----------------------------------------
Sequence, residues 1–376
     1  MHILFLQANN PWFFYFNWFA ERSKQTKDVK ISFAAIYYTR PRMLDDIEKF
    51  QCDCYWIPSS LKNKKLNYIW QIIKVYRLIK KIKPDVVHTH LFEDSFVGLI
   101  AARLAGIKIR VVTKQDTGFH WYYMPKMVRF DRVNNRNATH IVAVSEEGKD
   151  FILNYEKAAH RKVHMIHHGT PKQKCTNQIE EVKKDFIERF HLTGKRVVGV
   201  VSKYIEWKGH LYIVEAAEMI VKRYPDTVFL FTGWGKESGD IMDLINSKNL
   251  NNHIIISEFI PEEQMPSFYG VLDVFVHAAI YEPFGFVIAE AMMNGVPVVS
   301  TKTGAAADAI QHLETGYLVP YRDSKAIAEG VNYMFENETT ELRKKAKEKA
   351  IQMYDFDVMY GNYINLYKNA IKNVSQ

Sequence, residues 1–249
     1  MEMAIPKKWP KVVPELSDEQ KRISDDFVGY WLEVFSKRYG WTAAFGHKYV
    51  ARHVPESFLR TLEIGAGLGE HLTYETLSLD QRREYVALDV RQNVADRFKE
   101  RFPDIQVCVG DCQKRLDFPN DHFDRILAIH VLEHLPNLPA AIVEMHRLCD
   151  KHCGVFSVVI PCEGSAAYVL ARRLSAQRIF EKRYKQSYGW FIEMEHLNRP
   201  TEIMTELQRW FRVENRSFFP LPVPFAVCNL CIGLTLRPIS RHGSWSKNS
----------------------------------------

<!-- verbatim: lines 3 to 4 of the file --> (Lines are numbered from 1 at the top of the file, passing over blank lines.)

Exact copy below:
    51  QCDCYWIPSS LKNKKLNYIW QIIKVYRLIK KIKPDVVHTH LFEDSFVGLI
   101  AARLAGIKIR VVTKQDTGFH WYYMPKMVRF DRVNNRNATH IVAVSEEGKD